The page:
I like code that doesn’t leave the left margin for long because it’s easier for me to see chunks of code. It also allows me to interleave code, which sometimes makes a lot of sense.
Using OOP, Grunt can be made to have this style. I took the Gruntfile for jquery and made it stay to the left margin while working the same way.
I won’t be sending a pull request, but I may do this on one of my own projects.
I’ve started playing with Component again after finding some neat devs/projects/companies that use it. I also checked out ES6 generators in the development version of node and Koa which uses generators. Pretty neat stuff!
I created an example app that uses both Koa and Component but doesn’t do anything server-side. A possible future project is to make my example app use a server-side JSON API to do something.
Update: I got it to animate all of the divs. My mistake was that I had the divs changing their position in the DOM, in addition to changing the CSS properties. Some of the divs didn’t change position in the DOM because their index was the same both alphabetically and by population, and these were animated.
I played with React some more, this time loading it from a CDN with the jsx compiler. I set the CSS properties on the divs and tried animating them using CSS3 transitions. Some are animated while some move to their new position instantaneously.
I made a little sign-up form example with React.
I built it in RequireBin. The main react model in isn’t working in RequireBin and I’m working to get it fixed. In the meantime I’ve published benatkin-react to npm which makes the minimal changes needed to get it to work (none to the code, just to the packaging).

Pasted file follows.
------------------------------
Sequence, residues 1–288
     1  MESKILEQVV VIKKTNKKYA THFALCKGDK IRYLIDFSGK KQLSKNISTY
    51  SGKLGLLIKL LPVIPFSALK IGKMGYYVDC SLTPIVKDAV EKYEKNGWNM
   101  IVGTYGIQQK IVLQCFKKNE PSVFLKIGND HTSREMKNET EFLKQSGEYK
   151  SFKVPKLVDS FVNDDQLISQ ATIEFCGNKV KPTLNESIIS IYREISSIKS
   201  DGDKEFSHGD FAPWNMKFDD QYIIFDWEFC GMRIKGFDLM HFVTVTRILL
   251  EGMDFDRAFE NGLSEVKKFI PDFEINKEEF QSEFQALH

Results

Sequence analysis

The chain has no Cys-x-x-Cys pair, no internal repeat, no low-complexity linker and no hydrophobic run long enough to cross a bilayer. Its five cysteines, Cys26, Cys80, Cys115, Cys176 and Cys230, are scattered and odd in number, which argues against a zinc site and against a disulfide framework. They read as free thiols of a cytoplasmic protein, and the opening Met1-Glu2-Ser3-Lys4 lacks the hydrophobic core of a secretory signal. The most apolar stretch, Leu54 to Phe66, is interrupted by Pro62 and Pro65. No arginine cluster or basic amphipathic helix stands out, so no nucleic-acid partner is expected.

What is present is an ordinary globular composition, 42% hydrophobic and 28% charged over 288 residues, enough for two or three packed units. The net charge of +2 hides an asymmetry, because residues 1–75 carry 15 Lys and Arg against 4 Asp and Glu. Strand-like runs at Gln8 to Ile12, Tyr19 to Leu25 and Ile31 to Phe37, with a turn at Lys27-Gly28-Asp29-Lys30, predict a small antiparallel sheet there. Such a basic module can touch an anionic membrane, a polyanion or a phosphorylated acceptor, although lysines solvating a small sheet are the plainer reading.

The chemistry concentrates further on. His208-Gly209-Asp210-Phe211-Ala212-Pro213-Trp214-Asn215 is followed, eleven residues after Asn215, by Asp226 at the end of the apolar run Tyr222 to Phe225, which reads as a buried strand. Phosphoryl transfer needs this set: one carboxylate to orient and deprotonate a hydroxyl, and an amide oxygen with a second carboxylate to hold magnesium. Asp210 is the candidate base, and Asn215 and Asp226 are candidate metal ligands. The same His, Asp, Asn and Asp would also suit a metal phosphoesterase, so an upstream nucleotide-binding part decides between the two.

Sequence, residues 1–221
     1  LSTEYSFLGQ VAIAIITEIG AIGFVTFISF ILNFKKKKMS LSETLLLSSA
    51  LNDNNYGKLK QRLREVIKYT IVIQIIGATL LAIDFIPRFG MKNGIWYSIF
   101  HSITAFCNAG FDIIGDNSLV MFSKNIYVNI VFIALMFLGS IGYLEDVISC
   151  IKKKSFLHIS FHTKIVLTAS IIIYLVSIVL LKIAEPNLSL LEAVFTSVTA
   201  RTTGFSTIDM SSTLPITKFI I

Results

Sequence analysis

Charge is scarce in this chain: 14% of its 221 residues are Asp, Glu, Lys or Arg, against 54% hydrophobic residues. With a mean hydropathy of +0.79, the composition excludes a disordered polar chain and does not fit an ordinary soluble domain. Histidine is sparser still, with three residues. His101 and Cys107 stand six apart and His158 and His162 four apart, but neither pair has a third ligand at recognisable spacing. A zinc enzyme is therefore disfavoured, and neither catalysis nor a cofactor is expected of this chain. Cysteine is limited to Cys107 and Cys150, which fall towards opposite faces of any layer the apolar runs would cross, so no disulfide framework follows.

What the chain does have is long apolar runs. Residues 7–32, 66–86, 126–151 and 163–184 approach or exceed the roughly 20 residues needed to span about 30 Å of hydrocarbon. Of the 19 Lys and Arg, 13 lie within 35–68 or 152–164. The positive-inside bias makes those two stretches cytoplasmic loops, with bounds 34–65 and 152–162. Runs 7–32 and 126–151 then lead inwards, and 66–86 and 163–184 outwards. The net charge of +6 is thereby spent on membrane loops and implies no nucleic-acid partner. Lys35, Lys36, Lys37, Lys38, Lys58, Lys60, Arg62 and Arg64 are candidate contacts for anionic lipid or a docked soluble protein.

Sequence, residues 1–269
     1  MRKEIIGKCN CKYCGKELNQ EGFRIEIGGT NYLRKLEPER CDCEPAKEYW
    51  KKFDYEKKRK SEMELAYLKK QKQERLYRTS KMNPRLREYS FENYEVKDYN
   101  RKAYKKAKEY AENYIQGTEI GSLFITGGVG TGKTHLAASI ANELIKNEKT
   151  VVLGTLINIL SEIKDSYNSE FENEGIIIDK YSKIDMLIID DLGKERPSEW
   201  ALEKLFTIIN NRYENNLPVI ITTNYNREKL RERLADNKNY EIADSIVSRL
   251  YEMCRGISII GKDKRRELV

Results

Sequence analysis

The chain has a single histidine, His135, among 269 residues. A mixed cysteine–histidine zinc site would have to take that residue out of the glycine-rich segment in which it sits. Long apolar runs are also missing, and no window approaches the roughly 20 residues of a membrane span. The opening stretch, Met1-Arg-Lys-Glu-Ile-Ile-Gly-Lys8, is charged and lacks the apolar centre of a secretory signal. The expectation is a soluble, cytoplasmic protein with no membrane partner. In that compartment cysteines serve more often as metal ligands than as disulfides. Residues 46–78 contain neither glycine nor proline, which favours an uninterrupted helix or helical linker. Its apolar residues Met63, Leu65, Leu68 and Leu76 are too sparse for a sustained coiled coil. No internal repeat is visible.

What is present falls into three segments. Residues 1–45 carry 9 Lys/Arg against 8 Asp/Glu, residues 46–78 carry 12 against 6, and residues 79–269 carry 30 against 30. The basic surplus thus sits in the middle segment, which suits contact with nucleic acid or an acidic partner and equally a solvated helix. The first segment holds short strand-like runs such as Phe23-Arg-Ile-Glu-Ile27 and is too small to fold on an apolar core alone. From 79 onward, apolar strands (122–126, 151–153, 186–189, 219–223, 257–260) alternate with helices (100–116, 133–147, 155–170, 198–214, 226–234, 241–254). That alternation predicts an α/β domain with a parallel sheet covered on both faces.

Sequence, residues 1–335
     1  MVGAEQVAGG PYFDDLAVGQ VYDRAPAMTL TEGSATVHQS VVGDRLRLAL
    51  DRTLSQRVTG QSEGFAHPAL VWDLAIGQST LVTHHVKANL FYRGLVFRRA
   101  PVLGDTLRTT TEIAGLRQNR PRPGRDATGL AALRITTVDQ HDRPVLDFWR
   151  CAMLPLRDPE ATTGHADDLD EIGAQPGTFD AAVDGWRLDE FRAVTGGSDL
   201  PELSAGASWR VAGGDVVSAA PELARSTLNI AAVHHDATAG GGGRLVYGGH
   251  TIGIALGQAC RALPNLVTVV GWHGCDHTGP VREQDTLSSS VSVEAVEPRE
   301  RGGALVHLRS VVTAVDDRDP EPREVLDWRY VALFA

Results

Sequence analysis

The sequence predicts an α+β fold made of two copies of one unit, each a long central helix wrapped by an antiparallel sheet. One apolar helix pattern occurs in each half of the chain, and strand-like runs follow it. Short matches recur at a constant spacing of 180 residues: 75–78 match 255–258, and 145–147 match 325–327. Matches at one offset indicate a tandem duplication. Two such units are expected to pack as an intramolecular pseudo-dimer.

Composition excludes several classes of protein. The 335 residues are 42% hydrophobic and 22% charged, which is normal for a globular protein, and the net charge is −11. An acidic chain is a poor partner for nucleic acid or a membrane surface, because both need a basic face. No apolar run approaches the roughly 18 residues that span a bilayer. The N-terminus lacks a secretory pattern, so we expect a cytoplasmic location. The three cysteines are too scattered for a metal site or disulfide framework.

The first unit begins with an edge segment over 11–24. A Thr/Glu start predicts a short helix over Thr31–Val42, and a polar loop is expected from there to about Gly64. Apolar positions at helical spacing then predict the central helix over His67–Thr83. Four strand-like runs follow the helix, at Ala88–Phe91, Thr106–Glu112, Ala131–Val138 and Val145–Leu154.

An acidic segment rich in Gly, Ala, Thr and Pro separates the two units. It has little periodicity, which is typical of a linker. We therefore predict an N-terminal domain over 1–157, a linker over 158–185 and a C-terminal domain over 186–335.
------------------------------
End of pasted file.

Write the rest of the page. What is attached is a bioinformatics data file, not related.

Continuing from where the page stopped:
The sign-up form I made has validation which highlights invalid fields with red after an attempt has been made to enter it in correctly.
I used these resources to help me get it done:
I recently came up with a couple of pipeable perl one-liners.
perl -pechop is a shortened form of
perl -p -e chop. Here are the parts of it, explained:
perl– the perl executable, here for completeness. to learn about the options, type
man perlruninto your terminal.
-p– perl assumes a loop around the program where it reads each line from the standard input and prints the output. since it’s a single character option that doesn’t take a parameter, it can be grouped with other options.
-e– evaluates (runs) the string that’s passed to it. the way perl’s option parser works, when an option takes data, it uses the rest of the command line parameter. so it can be shortened from
perl -p -e chopto
perl -pechop. This makes it short enough that typing it in often shouldn’t be a problem.
chop– the perl subroutine
choptakes the current input and chops the last character off it. It’s handy for chopping the newline. For example
pwd | perl -pechopwill print the current directory to standard output. It can then be piped to the command to save the current directory to the clipboard (
pbcopyon mac os x.
Another perl subroutine,
chomp, removes the last character of a line but only if it’s the newline character. It’s useful when you don’t know if there’s a newline. The corresponding perl one-liner is
life is the variety of spice (life is about the variety of spice)
spice is the variety of life (spices, and things analogous to it, are what makes life interesting)
variety is the life of spice (spice may not be able to observe itself, but during the life of cumin various things happen to it)
variety is the spice of life (original)